WASHINGTON (AP) — Attorney General Jeff Sessions talked twice with Russia's ambassador to the United States during the presidential campaign season, communications that spurred calls in Congress for him to recuse himself from a Justice Department investigation into Russian interference in the U.S. election.

Sessions, an early supporter of President Donald Trump and a policy adviser to the Republican candidate, did not disclose those discussions at his confirmation hearing in January when asked what he would do if "anyone affiliated" with the campaign had been in contact with officials of the Russian government.

Sessions replied that he had not had communication with the Russians.

Justice Department spokeswoman Sarah Isgur Flores said Wednesday night that "there was absolutely nothing misleading about his answer."

That statement did not satisfy Democrats, who even before Wednesday had sought his recusal from the ongoing federal investigation and had raised questions about whether he could properly oversee the probe.

House Democratic leader Nancy Pelosi accused Sessions of "lying under oath" and demanded that he resign. Other Democrats called on him to step aside from the investigation.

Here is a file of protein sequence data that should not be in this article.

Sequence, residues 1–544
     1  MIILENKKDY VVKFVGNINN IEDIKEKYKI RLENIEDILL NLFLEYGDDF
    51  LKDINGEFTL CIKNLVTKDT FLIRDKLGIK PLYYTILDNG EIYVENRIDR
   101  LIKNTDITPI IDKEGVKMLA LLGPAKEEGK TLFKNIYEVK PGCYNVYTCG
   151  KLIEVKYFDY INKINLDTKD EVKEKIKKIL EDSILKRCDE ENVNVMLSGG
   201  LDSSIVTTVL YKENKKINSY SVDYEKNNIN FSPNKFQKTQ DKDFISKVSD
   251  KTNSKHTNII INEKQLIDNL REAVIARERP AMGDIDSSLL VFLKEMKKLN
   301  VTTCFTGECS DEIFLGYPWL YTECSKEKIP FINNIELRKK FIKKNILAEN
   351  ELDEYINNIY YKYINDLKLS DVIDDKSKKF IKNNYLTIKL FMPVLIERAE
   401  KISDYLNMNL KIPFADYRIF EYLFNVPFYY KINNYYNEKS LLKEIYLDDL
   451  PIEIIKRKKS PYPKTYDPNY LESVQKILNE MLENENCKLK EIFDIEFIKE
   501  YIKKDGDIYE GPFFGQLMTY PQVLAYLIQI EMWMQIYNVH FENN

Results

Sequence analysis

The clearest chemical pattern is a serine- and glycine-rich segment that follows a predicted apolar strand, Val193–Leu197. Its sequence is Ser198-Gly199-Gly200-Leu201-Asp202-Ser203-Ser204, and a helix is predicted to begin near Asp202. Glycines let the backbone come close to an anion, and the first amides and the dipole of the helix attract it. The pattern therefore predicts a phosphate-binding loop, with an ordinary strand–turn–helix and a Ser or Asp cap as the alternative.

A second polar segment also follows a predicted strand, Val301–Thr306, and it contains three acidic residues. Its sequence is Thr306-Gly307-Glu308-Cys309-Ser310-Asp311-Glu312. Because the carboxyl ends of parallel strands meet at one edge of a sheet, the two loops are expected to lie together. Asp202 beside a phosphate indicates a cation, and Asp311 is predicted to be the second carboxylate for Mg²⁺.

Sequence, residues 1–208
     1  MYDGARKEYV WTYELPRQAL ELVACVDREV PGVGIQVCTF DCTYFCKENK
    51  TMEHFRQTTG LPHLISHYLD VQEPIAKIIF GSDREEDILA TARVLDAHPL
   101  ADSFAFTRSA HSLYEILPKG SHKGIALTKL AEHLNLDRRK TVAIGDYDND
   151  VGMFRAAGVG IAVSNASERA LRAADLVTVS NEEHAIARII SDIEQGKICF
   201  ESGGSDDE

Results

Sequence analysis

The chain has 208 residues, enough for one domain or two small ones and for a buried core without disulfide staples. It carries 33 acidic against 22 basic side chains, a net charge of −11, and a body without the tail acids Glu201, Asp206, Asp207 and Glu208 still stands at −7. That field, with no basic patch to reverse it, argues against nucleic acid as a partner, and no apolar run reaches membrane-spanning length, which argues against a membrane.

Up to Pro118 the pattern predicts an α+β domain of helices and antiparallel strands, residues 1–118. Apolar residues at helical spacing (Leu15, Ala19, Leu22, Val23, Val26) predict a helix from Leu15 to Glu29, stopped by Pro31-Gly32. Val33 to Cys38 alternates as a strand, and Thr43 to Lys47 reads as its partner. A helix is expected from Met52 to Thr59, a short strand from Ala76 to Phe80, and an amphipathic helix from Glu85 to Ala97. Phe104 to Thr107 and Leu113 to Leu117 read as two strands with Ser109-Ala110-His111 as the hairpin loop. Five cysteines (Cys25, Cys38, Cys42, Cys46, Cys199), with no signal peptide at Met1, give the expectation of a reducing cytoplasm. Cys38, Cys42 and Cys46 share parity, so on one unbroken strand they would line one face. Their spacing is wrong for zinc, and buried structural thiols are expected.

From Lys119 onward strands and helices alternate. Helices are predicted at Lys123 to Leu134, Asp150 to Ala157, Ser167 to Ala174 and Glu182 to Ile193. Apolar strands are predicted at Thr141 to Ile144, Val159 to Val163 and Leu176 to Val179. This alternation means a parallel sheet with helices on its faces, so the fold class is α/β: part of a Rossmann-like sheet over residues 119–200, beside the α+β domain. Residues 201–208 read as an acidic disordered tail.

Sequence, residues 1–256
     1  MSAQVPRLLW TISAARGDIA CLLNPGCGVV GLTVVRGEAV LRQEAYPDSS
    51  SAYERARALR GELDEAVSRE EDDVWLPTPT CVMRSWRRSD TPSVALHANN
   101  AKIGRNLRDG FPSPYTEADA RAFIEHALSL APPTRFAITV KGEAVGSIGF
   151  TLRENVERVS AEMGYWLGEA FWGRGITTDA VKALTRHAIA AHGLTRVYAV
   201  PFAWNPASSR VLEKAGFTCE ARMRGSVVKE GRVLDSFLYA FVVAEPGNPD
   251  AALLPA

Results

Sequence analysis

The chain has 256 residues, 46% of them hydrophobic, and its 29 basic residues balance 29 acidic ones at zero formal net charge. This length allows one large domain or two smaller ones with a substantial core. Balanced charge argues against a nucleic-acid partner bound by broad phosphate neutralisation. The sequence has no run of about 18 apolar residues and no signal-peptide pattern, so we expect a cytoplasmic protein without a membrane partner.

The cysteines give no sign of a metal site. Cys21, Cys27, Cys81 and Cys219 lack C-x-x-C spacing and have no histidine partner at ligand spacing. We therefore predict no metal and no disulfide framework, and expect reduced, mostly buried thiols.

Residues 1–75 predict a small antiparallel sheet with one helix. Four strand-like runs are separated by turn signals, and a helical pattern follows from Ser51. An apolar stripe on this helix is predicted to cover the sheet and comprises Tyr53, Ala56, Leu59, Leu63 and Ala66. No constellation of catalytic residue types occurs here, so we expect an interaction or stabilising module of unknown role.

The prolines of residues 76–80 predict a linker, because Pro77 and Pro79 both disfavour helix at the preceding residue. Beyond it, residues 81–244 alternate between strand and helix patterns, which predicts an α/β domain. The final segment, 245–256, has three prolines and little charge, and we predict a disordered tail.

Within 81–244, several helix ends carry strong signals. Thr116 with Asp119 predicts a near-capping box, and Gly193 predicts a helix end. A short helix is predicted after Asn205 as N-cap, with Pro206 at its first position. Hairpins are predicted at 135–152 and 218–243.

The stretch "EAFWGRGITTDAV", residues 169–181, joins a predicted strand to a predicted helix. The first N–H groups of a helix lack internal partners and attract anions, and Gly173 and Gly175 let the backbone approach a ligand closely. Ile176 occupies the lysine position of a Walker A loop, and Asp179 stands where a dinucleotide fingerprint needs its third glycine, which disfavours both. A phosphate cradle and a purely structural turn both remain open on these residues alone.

In a statement late Wednesday, Sessions said, "I never met with any Russian officials to discuss issues of the campaign. I have no idea what this allegation is about. It is false."

Sessions had more than 25 conversations with foreign ambassadors last year in his role as a U.S. senator and senior member of the Armed Services Committee, and had two separate interactions with the Russian ambassador, Sergey Kislyak, the department confirmed.

One was a visit in September in his capacity as a senator, similar to meetings with envoys from Britain, China, Germany and other nations, the department said.

The other occurred in a group setting following a Heritage Foundation speech that Sessions gave during the summer, when several ambassadors — including the Russian ambassador — approached Sessions after the talk as he was leaving the stage.

Revelations of the contacts, first reported by The Washington Post, came amid a disclosure by three administration officials that White House lawyers have instructed aides to Trump to preserve materials that could be connected to Russian meddling in the American political process.

The officials who confirmed that staffers were instructed to comply with preservation-of-materials directions did so on condition of anonymity because they were not authorized to publicly disclose the memo from White House counsel Don McGahn.